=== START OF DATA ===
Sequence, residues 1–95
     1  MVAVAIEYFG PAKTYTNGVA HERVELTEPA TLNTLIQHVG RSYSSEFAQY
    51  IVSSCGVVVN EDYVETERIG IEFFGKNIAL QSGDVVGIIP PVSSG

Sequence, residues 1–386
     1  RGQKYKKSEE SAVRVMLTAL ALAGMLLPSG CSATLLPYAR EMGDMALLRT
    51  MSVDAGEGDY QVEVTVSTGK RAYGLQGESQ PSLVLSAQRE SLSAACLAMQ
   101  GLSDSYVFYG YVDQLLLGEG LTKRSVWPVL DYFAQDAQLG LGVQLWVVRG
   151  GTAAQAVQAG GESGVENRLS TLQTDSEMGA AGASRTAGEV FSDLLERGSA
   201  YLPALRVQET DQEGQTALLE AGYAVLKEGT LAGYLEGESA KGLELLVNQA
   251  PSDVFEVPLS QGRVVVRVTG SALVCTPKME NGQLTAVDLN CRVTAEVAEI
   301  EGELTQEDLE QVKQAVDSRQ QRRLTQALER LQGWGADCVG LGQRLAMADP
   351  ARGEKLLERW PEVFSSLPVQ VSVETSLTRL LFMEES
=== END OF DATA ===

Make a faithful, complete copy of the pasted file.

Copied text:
Sequence, residues 1–95
     1  MVAVAIEYFG PAKTYTNGVA HERVELTEPA TLNTLIQHVG RSYSSEFAQY
    51  IVSSCGVVVN EDYVETERIG IEFFGKNIAL QSGDVVGIIP PVSSG

Sequence, residues 1–386
     1  RGQKYKKSEE SAVRVMLTAL ALAGMLLPSG CSATLLPYAR EMGDMALLRT
    51  MSVDAGEGDY QVEVTVSTGK RAYGLQGESQ PSLVLSAQRE SLSAACLAMQ
   101  GLSDSYVFYG YVDQLLLGEG LTKRSVWPVL DYFAQDAQLG LGVQLWVVRG
   151  GTAAQAVQAG GESGVENRLS TLQTDSEMGA AGASRTAGEV FSDLLERGSA
   201  YLPALRVQET DQEGQTALLE AGYAVLKEGT LAGYLEGESA KGLELLVNQA
   251  PSDVFEVPLS QGRVVVRVTG SALVCTPKME NGQLTAVDLN CRVTAEVAEI
   301  EGELTQEDLE QVKQAVDSRQ QRRLTQALER LQGWGADCVG LGQRLAMADP
   351  ARGEKLLERW PEVFSSLPVQ VSVETSLTRL LFMEES